In his new book, “Public Enemy: Confessions of an American Dissident”, former sixties radical and current-day authority on public education Bill Ayers gives us a personal look at how Sarah Palin’s own radical rhetoric and misleading claims about Ayers affected his life:
As for Obama, he’s “someone who sees America, it seems, as being so imperfect that he’s palling around with terrorists who would target their own country!”
There it was: the punch line that would resonate no matter what else was said or done— palling around. It had a special creepy ring to it, for sure.
When Governor Palin—or, as our late friend Studs Terkel called her, “Joe McCarthy in drag”—uttered it that first time (and ever after) the crowd exploded: “Kill him! Kill him!” I couldn’t tell for sure whether it was me or Senator Obama who was the target of those chants— perhaps both. I’d been designated a public enemy before. I knew the territory pretty well and accepted the consequences with some equanimity, but now poor Barack Obama as well was forced to play Ibsen’s brilliant character, the embattled Dr. Thomas Stockmann, the “enemy of the people.” Stockmann was viciously taunted in the public square by a chorus of townspeople bent on delusion and self-deception: Kill the enemy of the people!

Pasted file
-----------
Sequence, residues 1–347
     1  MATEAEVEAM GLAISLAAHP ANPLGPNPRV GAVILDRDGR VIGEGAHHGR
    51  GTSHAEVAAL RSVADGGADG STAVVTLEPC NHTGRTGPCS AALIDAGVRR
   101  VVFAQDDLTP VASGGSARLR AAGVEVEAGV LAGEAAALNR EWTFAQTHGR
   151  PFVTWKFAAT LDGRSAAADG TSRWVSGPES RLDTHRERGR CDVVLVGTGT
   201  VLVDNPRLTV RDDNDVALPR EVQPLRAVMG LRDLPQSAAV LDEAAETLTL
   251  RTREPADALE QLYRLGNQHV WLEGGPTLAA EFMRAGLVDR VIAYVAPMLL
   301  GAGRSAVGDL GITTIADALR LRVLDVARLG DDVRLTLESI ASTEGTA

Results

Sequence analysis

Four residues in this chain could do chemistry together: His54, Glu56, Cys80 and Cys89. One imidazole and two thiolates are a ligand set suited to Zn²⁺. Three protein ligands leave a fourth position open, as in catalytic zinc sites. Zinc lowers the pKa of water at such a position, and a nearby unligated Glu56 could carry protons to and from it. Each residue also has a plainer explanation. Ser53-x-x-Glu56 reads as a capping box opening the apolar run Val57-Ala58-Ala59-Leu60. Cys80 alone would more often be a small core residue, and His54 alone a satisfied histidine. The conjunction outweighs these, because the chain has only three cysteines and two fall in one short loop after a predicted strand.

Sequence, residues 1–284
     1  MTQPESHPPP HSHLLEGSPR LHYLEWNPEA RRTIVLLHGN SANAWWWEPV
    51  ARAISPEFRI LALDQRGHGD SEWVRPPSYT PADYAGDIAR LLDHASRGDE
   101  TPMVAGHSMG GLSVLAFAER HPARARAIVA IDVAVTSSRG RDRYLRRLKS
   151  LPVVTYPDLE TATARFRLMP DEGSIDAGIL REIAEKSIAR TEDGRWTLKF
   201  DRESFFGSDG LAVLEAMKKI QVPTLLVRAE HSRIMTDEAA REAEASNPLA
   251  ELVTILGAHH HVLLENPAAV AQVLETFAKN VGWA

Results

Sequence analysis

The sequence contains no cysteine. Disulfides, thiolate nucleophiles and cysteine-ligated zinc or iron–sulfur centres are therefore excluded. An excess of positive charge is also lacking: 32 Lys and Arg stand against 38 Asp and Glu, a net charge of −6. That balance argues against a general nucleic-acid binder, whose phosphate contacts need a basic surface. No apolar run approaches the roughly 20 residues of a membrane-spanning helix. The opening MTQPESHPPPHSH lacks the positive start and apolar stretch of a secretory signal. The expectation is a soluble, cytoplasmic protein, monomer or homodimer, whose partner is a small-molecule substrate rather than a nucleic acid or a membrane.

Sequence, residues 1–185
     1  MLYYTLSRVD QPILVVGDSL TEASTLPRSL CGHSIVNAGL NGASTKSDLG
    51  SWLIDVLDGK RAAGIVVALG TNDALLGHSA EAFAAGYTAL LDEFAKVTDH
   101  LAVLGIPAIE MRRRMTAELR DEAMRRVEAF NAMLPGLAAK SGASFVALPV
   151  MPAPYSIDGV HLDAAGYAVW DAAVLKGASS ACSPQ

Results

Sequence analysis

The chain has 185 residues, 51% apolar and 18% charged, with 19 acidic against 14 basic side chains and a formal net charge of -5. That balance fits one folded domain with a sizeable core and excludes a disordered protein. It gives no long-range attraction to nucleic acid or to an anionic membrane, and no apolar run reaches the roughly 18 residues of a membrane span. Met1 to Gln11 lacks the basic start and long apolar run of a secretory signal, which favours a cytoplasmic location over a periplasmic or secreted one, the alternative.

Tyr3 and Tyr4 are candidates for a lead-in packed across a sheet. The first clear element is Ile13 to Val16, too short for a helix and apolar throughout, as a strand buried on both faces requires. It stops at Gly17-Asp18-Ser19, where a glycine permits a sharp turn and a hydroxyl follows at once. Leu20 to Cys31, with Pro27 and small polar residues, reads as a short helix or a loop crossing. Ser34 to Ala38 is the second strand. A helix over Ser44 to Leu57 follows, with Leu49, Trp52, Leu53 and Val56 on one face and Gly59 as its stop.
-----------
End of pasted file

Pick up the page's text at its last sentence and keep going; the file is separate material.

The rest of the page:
There was no way to prepare for what was about to hit me, of course, and at the outset I could barely glimpse it on the far horizon of my imagination—the great speeding locomotive designed to derail Obama would run me and others down as just some unavoidable debris or collateral damage, the inevitable road kill. No one really knew its shape or its power yet, no one could guess at its velocity. I grasped a couple of small things right away, but my family understood a lot more, and they were in fact already gearing up.
Before he left, my son Zayd showed us how to set up Google alerts for things we ought to be aware of instantly. He had alerts set for some of his friends and his whole family, and he set up a file full of every utterance on the web concerning Bernardine or me.
And that’s just for starters. “Public Enemy: Confessions of an American Dissident” hits stores Tuesday.